Another month, another incredible Attack on Titan chapter.
Chapter 134, “In the Depths of Despair” sees the final battle of the story between Eren and the Alliance finally commence.
It’s funny to think that I thought the final battle was beginning all the way back in Chapter 116, which was more than a year ago.
How far the manga has come since then, with admittedly less than stellar chapters like Chapter 126, but mostly incredible ones like chapters 119, 121, 122, 123, 130, 131, and 132.
Well, now I am happy to say that “In the Depths of Despair” is the same quality as these fantastic chapters, delivering plenty of epic moments.
More than that though, the chapter lives up to its name, displaying quite a bit of despair, most of it in regards to children.
This is made clear right from the beginning of “In the Depths of Despair”, where Historia is shown to be giving birth, right as the worldwide genocide of the Rumbling is happening.
Talk about bad timing.
In all seriousness, Historia giving birth now does raise a lot of questions because Levi said there was still a few months before the baby’s arrival and, canonically, this was five days ago.
Levi being wrong here could be a mistake by writer Hajime Isayama or it could be a purposeful detail put in by him, which could have interesting implications for the pregnancy subplot.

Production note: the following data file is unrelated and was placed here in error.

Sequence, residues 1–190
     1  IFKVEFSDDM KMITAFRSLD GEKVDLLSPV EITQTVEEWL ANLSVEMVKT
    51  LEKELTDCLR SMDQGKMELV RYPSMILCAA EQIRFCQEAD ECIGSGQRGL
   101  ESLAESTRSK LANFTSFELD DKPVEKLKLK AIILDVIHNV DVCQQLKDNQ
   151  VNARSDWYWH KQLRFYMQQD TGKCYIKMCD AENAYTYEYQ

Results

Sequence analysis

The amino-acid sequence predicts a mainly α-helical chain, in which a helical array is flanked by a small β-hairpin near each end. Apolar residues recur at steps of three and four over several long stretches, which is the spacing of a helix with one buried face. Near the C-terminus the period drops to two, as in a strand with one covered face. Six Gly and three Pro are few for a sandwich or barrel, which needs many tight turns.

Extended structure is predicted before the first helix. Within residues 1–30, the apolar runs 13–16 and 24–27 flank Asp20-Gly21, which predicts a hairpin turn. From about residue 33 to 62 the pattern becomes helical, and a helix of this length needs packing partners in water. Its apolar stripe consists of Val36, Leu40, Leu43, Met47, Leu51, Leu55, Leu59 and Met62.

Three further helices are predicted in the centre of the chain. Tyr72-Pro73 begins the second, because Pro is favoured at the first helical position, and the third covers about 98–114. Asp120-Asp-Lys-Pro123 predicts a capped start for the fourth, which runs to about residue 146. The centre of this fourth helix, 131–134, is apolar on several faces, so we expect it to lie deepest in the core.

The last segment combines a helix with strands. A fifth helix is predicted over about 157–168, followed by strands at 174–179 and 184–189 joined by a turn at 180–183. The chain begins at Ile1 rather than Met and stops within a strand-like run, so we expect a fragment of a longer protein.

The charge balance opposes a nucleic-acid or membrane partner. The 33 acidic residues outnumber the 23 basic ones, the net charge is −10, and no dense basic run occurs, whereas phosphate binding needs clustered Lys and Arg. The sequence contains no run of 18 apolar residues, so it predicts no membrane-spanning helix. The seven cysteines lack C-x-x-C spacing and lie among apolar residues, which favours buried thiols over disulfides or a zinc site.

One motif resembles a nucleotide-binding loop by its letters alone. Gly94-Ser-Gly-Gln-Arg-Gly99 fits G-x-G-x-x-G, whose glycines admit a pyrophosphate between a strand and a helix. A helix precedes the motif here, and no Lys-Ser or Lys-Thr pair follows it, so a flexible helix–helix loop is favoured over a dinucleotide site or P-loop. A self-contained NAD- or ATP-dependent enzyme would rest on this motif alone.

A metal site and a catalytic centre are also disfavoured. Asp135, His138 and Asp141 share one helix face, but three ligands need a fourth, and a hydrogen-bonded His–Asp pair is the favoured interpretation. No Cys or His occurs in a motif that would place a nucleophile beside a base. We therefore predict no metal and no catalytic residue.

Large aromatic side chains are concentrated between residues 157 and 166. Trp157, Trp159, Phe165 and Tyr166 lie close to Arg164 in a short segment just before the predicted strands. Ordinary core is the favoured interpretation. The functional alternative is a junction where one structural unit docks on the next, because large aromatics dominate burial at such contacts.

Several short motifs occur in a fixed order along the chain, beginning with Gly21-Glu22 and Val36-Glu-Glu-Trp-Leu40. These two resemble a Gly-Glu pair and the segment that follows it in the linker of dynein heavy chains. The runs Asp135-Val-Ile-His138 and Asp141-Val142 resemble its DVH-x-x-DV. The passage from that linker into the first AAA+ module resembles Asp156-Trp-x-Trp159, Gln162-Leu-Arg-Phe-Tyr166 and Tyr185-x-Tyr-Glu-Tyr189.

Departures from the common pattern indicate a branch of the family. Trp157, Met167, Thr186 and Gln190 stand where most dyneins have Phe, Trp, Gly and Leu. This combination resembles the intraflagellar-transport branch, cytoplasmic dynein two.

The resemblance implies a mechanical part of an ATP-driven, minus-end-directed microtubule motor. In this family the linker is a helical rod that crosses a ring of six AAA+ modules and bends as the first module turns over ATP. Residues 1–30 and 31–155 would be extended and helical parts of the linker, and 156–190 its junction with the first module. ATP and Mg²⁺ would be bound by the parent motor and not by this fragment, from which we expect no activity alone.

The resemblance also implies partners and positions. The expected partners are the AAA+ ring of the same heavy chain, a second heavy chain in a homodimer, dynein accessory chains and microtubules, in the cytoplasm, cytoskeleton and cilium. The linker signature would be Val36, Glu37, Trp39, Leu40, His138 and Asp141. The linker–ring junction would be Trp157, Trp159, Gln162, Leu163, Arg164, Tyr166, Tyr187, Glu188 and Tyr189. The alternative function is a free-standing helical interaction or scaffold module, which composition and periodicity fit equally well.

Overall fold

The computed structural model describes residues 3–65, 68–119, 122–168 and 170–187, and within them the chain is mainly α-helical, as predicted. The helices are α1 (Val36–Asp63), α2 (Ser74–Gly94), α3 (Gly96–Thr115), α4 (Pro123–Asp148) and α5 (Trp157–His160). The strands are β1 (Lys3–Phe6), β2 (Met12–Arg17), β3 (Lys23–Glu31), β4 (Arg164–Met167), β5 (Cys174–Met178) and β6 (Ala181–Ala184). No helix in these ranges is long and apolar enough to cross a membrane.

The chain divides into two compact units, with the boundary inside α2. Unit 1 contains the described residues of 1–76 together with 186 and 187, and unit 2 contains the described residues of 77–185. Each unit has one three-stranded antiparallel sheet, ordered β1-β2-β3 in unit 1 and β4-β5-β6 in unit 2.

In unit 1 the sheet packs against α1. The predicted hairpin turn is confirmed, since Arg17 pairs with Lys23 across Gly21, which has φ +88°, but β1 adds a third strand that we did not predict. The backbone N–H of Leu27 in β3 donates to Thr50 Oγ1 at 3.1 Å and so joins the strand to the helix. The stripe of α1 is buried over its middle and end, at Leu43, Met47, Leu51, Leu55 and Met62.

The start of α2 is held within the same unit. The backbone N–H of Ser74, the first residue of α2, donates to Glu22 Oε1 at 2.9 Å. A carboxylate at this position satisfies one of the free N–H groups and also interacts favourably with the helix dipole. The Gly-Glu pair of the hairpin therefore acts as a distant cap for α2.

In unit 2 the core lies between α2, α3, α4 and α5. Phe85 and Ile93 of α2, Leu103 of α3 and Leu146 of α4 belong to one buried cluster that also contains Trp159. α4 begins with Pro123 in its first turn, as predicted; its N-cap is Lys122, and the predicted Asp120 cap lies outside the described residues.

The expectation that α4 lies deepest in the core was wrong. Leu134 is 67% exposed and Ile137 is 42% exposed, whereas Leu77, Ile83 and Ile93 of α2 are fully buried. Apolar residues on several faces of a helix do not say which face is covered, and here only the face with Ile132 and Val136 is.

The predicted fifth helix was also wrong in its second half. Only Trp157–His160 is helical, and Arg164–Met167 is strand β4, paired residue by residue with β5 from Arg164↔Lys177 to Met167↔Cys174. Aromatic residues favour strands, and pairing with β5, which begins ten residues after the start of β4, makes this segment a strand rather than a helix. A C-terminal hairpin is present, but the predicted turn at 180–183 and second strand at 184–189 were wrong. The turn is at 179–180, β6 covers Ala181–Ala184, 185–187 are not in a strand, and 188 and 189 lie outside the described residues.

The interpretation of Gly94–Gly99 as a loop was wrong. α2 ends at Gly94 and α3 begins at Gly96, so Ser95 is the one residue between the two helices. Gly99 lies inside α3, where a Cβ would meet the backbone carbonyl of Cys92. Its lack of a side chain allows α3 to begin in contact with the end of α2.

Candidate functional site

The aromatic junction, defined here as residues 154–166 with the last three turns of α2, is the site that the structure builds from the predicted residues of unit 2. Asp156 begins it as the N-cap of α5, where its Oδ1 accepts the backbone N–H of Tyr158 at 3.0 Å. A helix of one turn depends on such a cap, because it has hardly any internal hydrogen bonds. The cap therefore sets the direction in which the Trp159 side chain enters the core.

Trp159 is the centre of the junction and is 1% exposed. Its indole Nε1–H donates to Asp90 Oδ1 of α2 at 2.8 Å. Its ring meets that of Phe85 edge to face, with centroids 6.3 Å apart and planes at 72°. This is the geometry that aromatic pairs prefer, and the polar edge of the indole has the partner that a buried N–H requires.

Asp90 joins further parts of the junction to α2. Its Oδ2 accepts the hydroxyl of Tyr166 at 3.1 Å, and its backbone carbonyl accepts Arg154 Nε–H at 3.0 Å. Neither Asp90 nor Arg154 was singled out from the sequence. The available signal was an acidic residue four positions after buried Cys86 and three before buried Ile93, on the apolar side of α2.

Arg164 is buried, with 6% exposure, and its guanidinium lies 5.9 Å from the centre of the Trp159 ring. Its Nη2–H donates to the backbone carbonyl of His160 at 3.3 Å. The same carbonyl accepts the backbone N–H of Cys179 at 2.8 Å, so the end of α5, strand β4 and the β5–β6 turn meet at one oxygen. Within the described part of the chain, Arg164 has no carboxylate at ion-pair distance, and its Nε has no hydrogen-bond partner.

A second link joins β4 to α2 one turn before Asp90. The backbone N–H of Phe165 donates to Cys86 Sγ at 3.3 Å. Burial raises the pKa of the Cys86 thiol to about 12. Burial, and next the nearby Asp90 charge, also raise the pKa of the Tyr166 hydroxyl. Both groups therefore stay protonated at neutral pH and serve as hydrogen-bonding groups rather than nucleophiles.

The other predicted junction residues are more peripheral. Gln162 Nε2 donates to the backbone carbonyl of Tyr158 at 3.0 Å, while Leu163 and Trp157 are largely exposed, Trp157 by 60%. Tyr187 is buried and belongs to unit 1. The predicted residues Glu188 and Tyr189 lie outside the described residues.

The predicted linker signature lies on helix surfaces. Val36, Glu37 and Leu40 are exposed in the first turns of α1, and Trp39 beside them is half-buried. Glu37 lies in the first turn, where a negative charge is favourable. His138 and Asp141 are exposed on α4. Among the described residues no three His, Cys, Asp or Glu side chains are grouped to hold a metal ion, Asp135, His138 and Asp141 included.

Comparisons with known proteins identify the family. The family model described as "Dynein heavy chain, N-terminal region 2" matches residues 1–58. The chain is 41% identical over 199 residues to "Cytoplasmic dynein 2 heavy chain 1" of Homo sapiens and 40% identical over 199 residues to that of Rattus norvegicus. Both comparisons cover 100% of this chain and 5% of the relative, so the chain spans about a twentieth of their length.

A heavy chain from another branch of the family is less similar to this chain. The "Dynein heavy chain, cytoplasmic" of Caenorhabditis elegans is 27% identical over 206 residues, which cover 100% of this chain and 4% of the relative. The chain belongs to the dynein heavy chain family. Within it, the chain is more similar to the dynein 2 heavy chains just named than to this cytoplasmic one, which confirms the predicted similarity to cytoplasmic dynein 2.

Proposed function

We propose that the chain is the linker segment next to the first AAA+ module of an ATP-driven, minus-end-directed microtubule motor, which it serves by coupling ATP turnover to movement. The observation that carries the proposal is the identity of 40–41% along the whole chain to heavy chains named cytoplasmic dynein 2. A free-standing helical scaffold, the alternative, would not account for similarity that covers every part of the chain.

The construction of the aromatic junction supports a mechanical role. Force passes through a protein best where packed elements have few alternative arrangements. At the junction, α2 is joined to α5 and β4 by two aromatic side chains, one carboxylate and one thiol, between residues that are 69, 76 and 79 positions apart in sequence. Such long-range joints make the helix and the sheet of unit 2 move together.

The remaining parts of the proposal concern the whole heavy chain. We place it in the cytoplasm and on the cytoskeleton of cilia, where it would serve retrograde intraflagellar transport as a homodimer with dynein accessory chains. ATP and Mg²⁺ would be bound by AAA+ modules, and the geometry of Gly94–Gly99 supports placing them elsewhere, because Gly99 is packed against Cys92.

I will be discussing this in my predictions post for Chapter 135.
In any case, Historia’s soon-to-be-born baby is not the only child we see in this chapter because we also get a lot of spotlight on other children suffering due to Eren’s Rumbling.
There’s the children aboard the train with the Eldians from Liberio who find that all the airships have left, meaning they cannot escape the Rumbling and will likely be crushed if Eren is not stopped.
Most chilling of all is a baby seen among a fleeing crowd of thousands, stuck between the Rumbling and a cliff.
The people among this crowd are left with the choice of either death by being crushed or death by falling and probably drowning in the sea.
Following this disturbing reveal of their choice in fate, we see a case of unsettling attention to detail by Isayama as a woman among the countless number of people facing their imminent deaths looks a lot like the pregnant woman who Eren saw in Chapter 130.
When Eren looked at her then, it caused him to wonder what his mother would think.
Well, now Eren seems to have pushed such thoughts aside because this pregnant woman has given birth since he saw them, and now Eren is condemning the both of them to their deaths.
In a most likely futile but no less touching attempt to save her child, the woman throws her baby into the crowd as she falls off the cliff.
The baby is catched by another woman and, in a beautifully haunting panel that is now probably my favourite of the entire manga, the countless citizens, doomed to die in the Rumbling, reach out to protect this child against the inevitable, incoming death.
It is the children who truly suffer the most in this chapter, with Historia’s baby being born at the beginning potentially foreshadowing the new life for Paradis children while, in the rest of the world, millions of children are ruthlessly slaughtered in Eren’s genocide.